Comments:

  1. Sudhanva Char

    Your columns on Yoga are very interesting to me, a certified yoga teacher. I wish to mention that scientific studies have proven yoga as effective. Controlled clinical studies have been underway for several decades especially in India, the home of Yoga. This is despite the fact that the yoga system of health care has been in existence for several millennia with enormous amounts of therapeutic evidence about its efficacy. Medical journals such as JAMA, The Lancet, British Medical Journal, New England Journal of Medicine and many others have published research papers underscoring the benefits of yoga practices for both physical and mental ailments not just in a placebo-like manner, but in statistically significant scales. I have a few volumes of outcomes of dozens of controlled studies in yoga therapy undertaken by the Vivekananda Yoga Research Foundation, Bangalore, stressing that yoga is more consciousness-based rather than matter-based. Wellness and robust health can be promoted naturally and health care costs can be rationalized. I see however, considerable circumspection in taking it on board even where clinical evidence is unambiguous about its advantages in issues such as cardiac illnesses, diabetes, mental depression, stress management and many others. Medical practice can only be so much richer and so much more successful by accepting yogic techniques.

  2. Tanja

    Anytime is a good time to practice yoga. Yes, you can do it before going to bed.

  3. cc

    When is the best time to practice yoga? Can I do it before going to bed?

  4. Patricia Lotterman

    Julie Corliss! Great article.
    Warmed my heart (pun intended) to read, “there’s nowhere to go, and nothing to do.”

  5. Bala Subramaniam

    As was pointed out Chandra Rangnath, yoga has four limbs. Hatha yoga by itself is only one limb. The key to all the learning and the practice is the correct way of delivery and learning. Doing body postures is to make sure your body is not in the way of meditation.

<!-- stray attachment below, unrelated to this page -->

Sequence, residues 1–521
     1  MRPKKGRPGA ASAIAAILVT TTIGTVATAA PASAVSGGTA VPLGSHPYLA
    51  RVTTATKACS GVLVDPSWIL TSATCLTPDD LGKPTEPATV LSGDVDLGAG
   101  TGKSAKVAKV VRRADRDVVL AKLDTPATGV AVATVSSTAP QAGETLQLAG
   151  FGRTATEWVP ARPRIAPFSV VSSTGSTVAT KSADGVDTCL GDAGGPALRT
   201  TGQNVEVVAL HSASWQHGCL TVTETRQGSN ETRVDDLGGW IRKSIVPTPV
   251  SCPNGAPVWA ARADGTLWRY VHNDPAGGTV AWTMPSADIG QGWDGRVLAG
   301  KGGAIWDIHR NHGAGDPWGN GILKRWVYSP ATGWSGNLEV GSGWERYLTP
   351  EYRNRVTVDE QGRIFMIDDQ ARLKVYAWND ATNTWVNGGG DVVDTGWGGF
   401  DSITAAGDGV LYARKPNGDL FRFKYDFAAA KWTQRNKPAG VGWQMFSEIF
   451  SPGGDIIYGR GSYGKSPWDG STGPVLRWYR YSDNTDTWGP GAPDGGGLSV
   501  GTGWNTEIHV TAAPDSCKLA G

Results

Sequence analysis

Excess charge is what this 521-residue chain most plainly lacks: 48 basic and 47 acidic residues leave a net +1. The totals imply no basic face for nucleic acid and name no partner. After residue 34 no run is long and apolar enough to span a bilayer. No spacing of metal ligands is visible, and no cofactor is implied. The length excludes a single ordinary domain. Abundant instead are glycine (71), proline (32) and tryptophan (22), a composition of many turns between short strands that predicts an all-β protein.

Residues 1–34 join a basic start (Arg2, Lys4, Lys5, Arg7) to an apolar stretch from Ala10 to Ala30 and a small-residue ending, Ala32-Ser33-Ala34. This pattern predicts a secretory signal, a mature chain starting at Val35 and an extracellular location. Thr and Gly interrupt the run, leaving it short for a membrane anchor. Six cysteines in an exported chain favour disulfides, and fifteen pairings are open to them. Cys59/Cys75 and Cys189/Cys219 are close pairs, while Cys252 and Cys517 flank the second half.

I would strongly suggest looking into the following link, ishayogafoundation.org. As a physician, I would say we are only beginning to scientifically understand the benefits of yoga. Needless to say we are only skimming the surface.

  6. Chandra Rangnath

    Hatha yoga and Iyengar yoga are both names for the four ‘limbs’ of Patanjali maharishi’s eight-fold practise (called the ‘asthaanga’ – eight limbs) , viz ‘aasana’ (the postures), ‘pranaayama’ (control of the breath), ‘dhaarana’ (concentration) and ‘dhyaana’ (meditation). However, yoga practise is fully effective only when the other ‘limbs’ of the asthaanga are integrated with our exercises and mediation, viz having pure thoughts, keeping the body clean, being contented, restraint in sense-pleasures, study of sacred literature and silent repetition of a mantra, if possible. Yes, we can make a start in yoga by doing the exercises, controlled breathing and silent sitting…but to reap the full benefit, the other do’s and dont’s should be gradually embraced (or shall I say, the other limbs will present themselves to the sincere practitioner quite naturally ! ).

  7. Sherry Longbottom, RN, CYT, CPYT, Holistic Fitness Nurse

    Excellent article! As a certified yoga instructor and a registered nurse, I have experienced firsthand the benefits of yoga for physical and emotional health. It’s extremely therapeutic when taught correctly. Thank you for the wonderful article.

  8. David Cornelius

    I’m not much into reading, but somehow I got to read many articles in your webpage. It’s fantastic how interesting it is for me to visit you very often.

  9. Mussarat

    Look quite useful,would like to join the easy yoga /meditation for mental relaxation and physical fitness.I am 65years of age,what is your suggestion

    • Harold Feinleib

      Google Iyengar yoga in your area. It is especially good for older people. The use of props allow anyone to do the pose even if they have limited flexibility. As you become more flexible over time the props are adjusted.